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The Duties of the Heart

Gate Eight: "The Gate of Introspection"
Ch. 3 (Part 4)

Next we're asked to ruminate about how far-reaching the attention G-d lavishes on us is. After all, He "observes us outside and in, watches over us and recalls everything we do and think, good or bad". Now, many would find that rather daunting or even off-putting, since most of us would cringe if even our family saw us inside and out. But those in search of spiritual excellence would find it comforting and would be bolstered by the intimacy with G-d that all that speaks of.

In any event, knowing now how close He is to our inner being all the time and the care He takes to see us for what we really are, shouldn't that impel us to take His Presence seriously and to try to better ourselves? After all, as Ibn Pakudah puts it, "if another *person* were paying attention to you and watching your every move, would you dare do anything that would offend him?" So, isn't that all the more so true in light of G- d's watching over us? And since we readily "adorn ourselves with our best finery when we come before kings, princes and leaders" shouldn't we "adorn ourselves before G–d both outside and in" when in His presence?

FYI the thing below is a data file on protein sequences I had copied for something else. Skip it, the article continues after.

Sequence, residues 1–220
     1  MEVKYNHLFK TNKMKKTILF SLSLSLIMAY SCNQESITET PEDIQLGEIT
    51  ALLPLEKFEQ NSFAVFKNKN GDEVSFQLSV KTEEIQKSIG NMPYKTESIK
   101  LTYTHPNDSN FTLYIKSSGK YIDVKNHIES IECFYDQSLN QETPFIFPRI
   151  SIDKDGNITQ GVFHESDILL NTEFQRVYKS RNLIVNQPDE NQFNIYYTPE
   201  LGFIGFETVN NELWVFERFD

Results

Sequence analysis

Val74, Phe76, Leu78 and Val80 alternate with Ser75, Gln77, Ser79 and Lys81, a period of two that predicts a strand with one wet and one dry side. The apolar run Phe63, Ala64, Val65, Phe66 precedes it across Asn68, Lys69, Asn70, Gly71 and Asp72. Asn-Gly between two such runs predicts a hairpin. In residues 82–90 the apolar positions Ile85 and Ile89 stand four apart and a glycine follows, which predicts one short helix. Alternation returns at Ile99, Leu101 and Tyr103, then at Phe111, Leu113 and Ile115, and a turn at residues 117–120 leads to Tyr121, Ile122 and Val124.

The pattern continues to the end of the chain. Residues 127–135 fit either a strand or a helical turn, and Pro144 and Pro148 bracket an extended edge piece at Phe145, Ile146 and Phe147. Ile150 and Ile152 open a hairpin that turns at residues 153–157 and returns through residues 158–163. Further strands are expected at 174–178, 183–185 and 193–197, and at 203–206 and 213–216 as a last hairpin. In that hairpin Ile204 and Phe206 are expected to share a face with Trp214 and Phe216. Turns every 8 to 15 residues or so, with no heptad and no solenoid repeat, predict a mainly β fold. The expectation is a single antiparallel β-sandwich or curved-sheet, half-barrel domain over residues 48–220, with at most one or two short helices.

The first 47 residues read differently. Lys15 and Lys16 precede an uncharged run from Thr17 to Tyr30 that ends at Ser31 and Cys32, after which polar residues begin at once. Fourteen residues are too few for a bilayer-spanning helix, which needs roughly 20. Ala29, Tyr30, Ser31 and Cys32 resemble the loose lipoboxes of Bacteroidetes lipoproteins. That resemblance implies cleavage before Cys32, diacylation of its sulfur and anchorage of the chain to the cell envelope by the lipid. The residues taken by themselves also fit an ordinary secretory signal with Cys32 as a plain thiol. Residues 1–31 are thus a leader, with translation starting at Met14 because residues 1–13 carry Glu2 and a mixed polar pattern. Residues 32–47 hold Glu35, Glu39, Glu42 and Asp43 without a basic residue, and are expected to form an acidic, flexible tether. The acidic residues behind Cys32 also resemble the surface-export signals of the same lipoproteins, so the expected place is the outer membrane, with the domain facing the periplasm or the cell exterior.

Reflect on this all the time, we're told, and some absolutely wonderful things will happen to you. "The Creator will always be with you in your mind, you'll perceive Him (all the time), and you'll always be in awe of Him and exalt Him". Not only that, but if you always keep G-d's presence in mind, He'll "undo your sadness, alleviate your fears, open the gates of the knowledge of Him for you, reveal the secrets of His wisdom to you, and he'll guide and manage you rather than leave you to your own devices".

On top of that, you'll learn to "see without eyes, hear without ears, speak without a tongue, sense without senses, and grasp things without having to resort to analogy", which is to say that you'll understand things for what they are and in an unfettered, clear way. You'll find youself "disagreeing with nothing nor preferring anything over what the Creator provided you with" knowing what you know; and you'll "direct your will to G–d's will and your love to the love of G–d; and you'll love what G–d loves, and be repulsed by what repulses Him", you'll be that aware of His presence.